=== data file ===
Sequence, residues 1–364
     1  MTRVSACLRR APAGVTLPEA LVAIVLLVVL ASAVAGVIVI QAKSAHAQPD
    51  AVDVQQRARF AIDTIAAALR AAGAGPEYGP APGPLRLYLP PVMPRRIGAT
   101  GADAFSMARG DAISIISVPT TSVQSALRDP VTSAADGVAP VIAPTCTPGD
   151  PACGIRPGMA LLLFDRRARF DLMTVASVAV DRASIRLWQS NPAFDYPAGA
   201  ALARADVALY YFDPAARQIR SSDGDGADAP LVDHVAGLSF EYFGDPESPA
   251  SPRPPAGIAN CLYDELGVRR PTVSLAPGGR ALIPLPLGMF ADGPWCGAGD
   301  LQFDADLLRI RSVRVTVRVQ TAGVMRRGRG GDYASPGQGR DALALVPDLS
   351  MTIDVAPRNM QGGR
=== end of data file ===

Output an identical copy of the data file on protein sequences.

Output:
Sequence, residues 1–364
     1  MTRVSACLRR APAGVTLPEA LVAIVLLVVL ASAVAGVIVI QAKSAHAQPD
    51  AVDVQQRARF AIDTIAAALR AAGAGPEYGP APGPLRLYLP PVMPRRIGAT
   101  GADAFSMARG DAISIISVPT TSVQSALRDP VTSAADGVAP VIAPTCTPGD
   151  PACGIRPGMA LLLFDRRARF DLMTVASVAV DRASIRLWQS NPAFDYPAGA
   201  ALARADVALY YFDPAARQIR SSDGDGADAP LVDHVAGLSF EYFGDPESPA
   251  SPRPPAGIAN CLYDELGVRR PTVSLAPGGR ALIPLPLGMF ADGPWCGAGD
   301  LQFDADLLRI RSVRVTVRVQ TAGVMRRGRG GDYASPGQGR DALALVPDLS
   351  MTIDVAPRNM QGGR